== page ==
Bill Russell (illustrator)

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Bill Russell
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Born (1955-01-03) January 3, 1955 (age 66)
NationalityCanadian-American
CitizenshipUnited States
EducationBachelor’s of Fine Art Degree in Illustration
Alma materParsons School of Design in New York City
Occupation
  • Illustrator
  • visual journalist
  • painter

Bill Russell (born January 3, 1955) is a Canadian-American illustrator, visual journalist and painter based in the San Francisco Bay Area, creating scratchboard illustrations for books and magazines and advertising, and abstract and narrative paintings. He earned a Bachelor’s of Fine Art Degree in Illustration at Parsons School of Design in New York City.

Russell was a staff artist at the San Francisco Chronicle from 1996 to 2003. From 1995 to 2003, Russell was an Adjunct Professor of Illustration at the California College of the Arts (formerly CCAC). Reactor Art & Design represents Bill Russell as a commercial illustrator.[1]

His digital drawings, created on an iPad using the Procreate app, were used in the collaborative project Wine Country Tales.[2]

Career

Illustrator

Bill Russell has illustrated books, magazines and advertising, using scratchboard as his medium. After earning his BFA at Parsons School of Design in 1976, Russell began his career as a freelance illustrator in Toronto, Ontario, Canada. As a staff artist 1996 to 2003 at the San Francisco Chronicle, Russell illustrated news stories, features and icons.

Russell created hundreds of scratchboard illustrations for a variety of print media. His scratchboard art has appeared in The New York Times, The Atlantic, Harper's Magazine, Esquire and The Wall Street Journal. Russell's scratchboard work is also featured in three Stephen King novels: Needful Things,[3] Gerald's Game,[4] and Dolores Claiborne.[5] He created magazine covers for The New Republic, as well as illustrating for companies and organizations like the Yiddish Book Center, Air Canada, Brown University, Columbia Sportswear and Levi Strauss & Co.. Russell created the "Arnold the Worker" logo and other illustrative branding for the software company Metrowerks.[6]

Wine Country Tales

Russell’s collaborative project with finger-style guitar musician Brian Gore called Wine Country Tales was a performance art that blended of music and illustration.[7] On many stages, Russell created digital artwork as Gore played original songs about the California coast and wine-growing regions. Russell's live digital drawings on his iPad reflected Gore’s song narratives.[8]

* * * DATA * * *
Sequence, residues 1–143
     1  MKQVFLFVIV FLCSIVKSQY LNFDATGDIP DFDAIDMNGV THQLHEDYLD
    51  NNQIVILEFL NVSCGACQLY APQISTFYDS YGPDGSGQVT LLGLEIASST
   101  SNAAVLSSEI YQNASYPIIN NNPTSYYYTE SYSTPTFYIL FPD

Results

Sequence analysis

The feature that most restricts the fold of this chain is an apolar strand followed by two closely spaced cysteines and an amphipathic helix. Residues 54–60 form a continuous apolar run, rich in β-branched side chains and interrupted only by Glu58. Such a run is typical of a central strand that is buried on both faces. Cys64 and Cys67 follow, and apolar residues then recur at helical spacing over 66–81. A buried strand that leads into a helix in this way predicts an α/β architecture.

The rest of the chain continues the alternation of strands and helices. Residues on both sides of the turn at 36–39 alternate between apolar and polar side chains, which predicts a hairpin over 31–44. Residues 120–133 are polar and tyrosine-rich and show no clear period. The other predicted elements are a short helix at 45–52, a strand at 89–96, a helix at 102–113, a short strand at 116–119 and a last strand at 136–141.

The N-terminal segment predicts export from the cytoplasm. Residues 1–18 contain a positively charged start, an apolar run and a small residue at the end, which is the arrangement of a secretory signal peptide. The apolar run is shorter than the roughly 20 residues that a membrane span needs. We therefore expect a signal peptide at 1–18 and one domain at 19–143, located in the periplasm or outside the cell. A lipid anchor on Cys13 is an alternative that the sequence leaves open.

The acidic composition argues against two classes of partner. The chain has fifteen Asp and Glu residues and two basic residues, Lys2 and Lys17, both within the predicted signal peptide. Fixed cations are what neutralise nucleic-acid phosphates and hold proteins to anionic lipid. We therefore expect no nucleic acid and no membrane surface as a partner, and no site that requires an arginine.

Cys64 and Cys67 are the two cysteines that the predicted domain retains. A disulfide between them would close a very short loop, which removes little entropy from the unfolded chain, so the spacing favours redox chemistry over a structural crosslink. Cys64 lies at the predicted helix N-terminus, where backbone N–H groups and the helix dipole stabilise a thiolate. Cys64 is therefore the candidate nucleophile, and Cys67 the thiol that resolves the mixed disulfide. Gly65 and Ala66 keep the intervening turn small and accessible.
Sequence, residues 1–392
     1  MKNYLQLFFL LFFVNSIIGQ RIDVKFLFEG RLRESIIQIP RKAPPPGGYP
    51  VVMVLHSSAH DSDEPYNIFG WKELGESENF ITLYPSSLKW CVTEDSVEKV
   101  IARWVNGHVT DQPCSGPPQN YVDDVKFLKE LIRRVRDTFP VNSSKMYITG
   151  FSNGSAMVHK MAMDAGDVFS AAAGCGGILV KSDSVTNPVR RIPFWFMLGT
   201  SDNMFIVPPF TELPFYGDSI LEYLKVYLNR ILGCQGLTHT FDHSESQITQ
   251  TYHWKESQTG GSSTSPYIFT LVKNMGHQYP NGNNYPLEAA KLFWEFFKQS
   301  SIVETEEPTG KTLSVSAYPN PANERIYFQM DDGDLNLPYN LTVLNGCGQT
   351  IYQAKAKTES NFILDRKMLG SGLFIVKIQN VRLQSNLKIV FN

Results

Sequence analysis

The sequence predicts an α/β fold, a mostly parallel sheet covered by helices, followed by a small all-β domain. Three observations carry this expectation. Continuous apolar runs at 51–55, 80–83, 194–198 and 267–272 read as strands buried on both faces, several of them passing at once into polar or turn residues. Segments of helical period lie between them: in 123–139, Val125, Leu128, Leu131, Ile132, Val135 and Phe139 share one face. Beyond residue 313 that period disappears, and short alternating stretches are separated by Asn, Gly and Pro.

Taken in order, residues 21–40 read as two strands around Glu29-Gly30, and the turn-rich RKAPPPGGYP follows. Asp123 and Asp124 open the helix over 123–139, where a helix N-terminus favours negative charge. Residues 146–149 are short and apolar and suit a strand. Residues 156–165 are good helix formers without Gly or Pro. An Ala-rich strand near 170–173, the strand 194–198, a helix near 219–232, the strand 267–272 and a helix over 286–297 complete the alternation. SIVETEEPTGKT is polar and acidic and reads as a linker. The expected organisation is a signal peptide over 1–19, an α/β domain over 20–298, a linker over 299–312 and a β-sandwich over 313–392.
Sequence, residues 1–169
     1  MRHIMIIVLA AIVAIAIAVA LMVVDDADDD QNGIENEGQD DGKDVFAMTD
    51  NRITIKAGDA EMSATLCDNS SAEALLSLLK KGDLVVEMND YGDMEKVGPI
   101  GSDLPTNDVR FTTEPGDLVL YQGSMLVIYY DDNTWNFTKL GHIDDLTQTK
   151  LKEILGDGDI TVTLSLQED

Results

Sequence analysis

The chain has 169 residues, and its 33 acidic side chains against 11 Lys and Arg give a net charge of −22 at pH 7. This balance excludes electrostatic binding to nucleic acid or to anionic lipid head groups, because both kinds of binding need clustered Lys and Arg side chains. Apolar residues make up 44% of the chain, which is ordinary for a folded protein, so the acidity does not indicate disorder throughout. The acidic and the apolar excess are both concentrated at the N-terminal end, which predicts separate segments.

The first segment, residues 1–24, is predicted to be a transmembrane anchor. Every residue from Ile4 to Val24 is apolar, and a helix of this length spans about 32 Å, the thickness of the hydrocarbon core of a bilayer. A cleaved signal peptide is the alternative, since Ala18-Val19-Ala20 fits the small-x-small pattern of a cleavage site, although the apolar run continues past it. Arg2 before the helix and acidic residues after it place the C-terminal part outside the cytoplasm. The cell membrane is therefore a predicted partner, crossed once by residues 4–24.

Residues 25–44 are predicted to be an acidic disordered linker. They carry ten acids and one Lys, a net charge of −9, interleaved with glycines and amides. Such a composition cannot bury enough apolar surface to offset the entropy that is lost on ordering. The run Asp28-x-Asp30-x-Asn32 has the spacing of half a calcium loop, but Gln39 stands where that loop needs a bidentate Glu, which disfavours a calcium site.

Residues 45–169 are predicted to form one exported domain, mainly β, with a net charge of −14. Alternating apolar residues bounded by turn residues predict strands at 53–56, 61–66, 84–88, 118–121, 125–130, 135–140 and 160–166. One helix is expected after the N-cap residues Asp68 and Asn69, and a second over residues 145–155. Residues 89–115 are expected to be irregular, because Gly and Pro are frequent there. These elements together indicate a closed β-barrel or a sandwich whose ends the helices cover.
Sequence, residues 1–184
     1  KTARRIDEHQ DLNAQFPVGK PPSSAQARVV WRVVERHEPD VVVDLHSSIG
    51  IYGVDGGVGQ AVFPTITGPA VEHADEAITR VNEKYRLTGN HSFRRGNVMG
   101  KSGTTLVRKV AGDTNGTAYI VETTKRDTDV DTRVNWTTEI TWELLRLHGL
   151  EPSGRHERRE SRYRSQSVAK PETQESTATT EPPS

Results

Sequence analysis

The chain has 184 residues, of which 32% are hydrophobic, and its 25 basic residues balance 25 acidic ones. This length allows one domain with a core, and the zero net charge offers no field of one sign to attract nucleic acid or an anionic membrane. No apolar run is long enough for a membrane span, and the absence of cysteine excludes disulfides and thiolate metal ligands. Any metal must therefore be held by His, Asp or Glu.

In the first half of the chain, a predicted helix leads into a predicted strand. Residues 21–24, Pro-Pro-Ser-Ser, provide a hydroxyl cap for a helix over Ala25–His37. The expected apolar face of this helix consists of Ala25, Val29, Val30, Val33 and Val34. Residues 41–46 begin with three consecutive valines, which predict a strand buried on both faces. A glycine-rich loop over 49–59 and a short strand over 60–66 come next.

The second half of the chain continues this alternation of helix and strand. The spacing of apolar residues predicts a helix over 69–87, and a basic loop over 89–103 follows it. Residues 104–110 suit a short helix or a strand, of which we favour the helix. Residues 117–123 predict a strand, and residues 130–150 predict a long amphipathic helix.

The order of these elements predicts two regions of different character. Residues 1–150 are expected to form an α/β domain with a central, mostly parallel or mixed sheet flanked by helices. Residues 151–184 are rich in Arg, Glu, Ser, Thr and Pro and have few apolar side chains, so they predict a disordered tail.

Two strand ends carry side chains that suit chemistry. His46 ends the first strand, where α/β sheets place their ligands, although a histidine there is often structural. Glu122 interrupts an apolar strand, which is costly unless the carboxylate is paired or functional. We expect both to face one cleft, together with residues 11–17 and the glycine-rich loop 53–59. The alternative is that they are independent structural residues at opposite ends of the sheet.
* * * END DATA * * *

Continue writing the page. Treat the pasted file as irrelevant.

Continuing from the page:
A review in the East Bay Times described the performance as a melding of Gore's rippling, rhythmic music and Russell's fluid and vibrant visual storytelling.[9] The Independent also wrote that Russell's still life landscapes, animation, and live digital drawing complemented the sensor input of Gore's music.[10]

Visual Journalist

Bill Russell expanded his illustrative approach when he began working for the San Francisco Chronicle, adopting a more reportorial style for newspapers, books, corporate, advertising, and lifestyle projects.[11]

For Russell’s 4-month art residency at Recology, he scavenged for stories and drew the employees, told their stories, created a set of prints and published a book.[12][13] "He’s focused on the folks who are often overlooked, and he’s acknowledging and respecting their difficult jobs,” said Deborah Munk, manager of the artist-in-residence program. Russell acknowledged his egalitarian approach to art in an interview with the Marin Independent Journal and said too many artists focus on esoteric themes.[14]

Fine Artist

Later in his career, Bill Russell has shifted away from illustration to fine art. In 2004, Russell participated in the Hearts in San Francisco project, creating a giant heart sculpture depicting an everyday San Francisco street scene — including a Green Machine street cleaner, sidewalk musicians, shoppers, Market Street road construction, and more — in the style of a Greek vase. He told SF Gate|SF Gate that he was inspired by Greek vases' ability to act as societal time capsules. Russell hoped that people viewing his heart in the future would learn about 2004 San Francisco culture in the same way one would learn about Greek society from a vase.[15]